. . . The more salt you take in, the more calcium your body flushes out in the urine. If calcium is in short supply, it can be leached out of the bones. So a diet high in sodium could have an additional unwanted effect—the bone-thinning disease known as osteoporosis. (“Lower Salt and Sodium: A Key to Good Health,” The Nutrition Source)

Large amounts of sodium in the body causes the body to “hold onto water to dilute the sodium,” which raises the blood volume, compelling the heart to pump more forcefully, the result of which is high blood pressure.

Sodium in the Supermarket

Most of our salt comes from prepared foods, like ready-made breads and crackers, canned and frozen foods, ready-to-eat breakfast cereals, cheese, and restaurant foods. . . . salt is a cheap additive that enhances flavor and livens up bland food. It makes meat retain water, adding weight for which we pay top dollar. Salt also makes us thirsty, and is one way the food industry nudges us to buy more soft drinks. (Ibid.) salt and high blood pressure thinkstock

Why is there so much sodium in processed foods? For one because large amounts of sodium can cause cravings for more of it (we will discuss this later), which is good news for the manufacturer, but also because salt is the great fixer of unwanted qualities in processed foods:

It corrects myriad problems that arise as a matter of course in the factory. Cornflakes, for example, taste metallic without it. Crackers are bitter and soggy and stick to the roof of your mouth. Ham turns so rubbery it can bounce….In commercial bread making, salt keeps the huge, fast-spinning machinery from gumming up and the factory line from backing up. Salt slows down the rising process so that the ovens can keep up with the pace.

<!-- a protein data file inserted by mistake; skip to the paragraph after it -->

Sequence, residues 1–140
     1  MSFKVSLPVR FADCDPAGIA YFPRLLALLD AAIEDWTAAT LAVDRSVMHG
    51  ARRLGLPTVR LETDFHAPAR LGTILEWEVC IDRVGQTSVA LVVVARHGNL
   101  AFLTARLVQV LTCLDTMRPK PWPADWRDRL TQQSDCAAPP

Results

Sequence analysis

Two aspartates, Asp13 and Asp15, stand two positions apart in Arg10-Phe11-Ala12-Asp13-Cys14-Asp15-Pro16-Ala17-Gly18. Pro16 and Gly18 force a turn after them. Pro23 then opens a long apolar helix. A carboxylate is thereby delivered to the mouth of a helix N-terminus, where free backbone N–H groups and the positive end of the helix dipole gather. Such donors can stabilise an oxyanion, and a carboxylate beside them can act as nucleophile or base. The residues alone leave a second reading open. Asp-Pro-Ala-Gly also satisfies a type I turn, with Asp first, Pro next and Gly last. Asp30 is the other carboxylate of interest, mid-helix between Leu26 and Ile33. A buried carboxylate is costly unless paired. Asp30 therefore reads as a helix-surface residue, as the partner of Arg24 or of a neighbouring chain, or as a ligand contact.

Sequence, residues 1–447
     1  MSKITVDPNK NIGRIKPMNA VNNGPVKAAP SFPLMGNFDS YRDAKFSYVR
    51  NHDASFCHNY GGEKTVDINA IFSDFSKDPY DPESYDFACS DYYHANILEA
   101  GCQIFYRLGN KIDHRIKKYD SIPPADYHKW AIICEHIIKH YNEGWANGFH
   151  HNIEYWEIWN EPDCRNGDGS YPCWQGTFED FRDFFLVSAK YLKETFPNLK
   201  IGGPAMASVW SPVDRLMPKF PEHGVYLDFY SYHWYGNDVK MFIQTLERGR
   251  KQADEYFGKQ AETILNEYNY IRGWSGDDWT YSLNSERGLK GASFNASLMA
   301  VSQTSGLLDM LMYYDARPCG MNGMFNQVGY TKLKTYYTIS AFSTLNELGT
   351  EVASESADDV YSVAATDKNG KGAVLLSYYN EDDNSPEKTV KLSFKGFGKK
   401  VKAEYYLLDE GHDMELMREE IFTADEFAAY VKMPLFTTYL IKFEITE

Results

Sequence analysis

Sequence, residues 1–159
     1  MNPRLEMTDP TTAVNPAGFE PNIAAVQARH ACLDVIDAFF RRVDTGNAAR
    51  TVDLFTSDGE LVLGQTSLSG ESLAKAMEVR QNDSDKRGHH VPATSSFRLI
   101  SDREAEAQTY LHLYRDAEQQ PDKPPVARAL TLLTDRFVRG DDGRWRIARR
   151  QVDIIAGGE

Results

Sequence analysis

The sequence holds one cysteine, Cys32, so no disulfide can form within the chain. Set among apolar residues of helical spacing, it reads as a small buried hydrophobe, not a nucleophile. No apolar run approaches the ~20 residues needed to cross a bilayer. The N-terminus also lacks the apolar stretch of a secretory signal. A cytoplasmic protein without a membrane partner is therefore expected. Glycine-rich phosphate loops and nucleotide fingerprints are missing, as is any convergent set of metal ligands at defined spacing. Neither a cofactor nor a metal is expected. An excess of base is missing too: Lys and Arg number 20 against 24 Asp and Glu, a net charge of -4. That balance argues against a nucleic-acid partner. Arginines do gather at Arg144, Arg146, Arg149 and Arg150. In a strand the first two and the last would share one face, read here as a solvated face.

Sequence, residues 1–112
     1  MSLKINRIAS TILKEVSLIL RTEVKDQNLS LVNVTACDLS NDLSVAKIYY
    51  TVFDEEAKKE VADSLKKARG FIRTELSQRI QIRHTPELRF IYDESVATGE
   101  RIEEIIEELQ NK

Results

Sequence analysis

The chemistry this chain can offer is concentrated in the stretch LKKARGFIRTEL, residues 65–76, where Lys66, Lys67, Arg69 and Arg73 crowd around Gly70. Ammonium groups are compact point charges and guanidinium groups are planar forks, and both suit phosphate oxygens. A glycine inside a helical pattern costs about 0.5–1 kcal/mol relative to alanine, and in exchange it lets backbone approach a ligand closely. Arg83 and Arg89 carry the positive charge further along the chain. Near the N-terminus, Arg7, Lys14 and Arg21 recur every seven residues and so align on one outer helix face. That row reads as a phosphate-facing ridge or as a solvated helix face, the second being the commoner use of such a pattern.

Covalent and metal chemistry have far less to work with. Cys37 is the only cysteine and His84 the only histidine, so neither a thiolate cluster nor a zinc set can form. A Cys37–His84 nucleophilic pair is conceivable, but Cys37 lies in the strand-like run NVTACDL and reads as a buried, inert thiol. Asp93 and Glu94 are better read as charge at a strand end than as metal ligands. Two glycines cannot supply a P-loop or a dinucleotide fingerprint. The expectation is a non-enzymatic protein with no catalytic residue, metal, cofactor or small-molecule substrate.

Among all the miracles that salt performs for the processed food industry, perhaps the most essential involves a plague that the industry calls ‘warmed-over-flavor’ . . . [which] is caused by the oxidation of the fats in meat. (Michael Moss, Salt Sugar Fat: How the Food Giants Hooked Us, p. 281)

Warmed-over-flavor is what canned meat without enough salt tastes like when it is reheated, a flavor that has been described as cardboard and as damp dog hair, but salt is the antidote! It overpowers the distasteful warmed over flavor so that consumers are unaware of it.

Sodium in the form of salt is not the only source of sodium in processed foods, however. Sodium bicarbonate (commonly known as baking soda, and also found in some baking powders), sodium citrate, sodium phosphate, and sodium acid pyrophosphate are also found in products on grocery shelves, but we don’t have to be overwhelmed with the sodium content because labels will help us! A guideline Jeff Novak, a nutritionist, recommends is for the milligrams of salt in a single serving of a product not to exceed the calories for that serving. In other words, if the calories in a single serving of the product you are considering are fifty, then the milligrams of salt for that serving should be fifty or less.

It is good to know that our craving for salt can easily be reversed. Stop eating processed foods for a while, as did the following people, and see what happens!

. . . six women and three men [were studied] as they slashed their consumption of salt by half by avoiding certain processed foods. For the first few weeks, nothing much happened, apart from the subjects missing the foods they used to eat. But then, slowly, bit by bit, a radical change occurred. The test subjects didn’t stop liking salt, nor did they lose their taste for it. Rather, the salt-sensitive taste buds in their mouths—the same ones that had grown used to bombardment by salty foods—became more sensitive to salt, so they needed less salt to experience its pleasures. A lot less. Enough to get them within the limits now being urged upon Americans by the federal government. “At the end of twelve weeks, after being on the low-sodium diets, we allowed them to use as much salt from their saltshakers as they wanted to, and all they added back to their diet was about 20 percent of the salt we had taken out,” Beauchamp told me.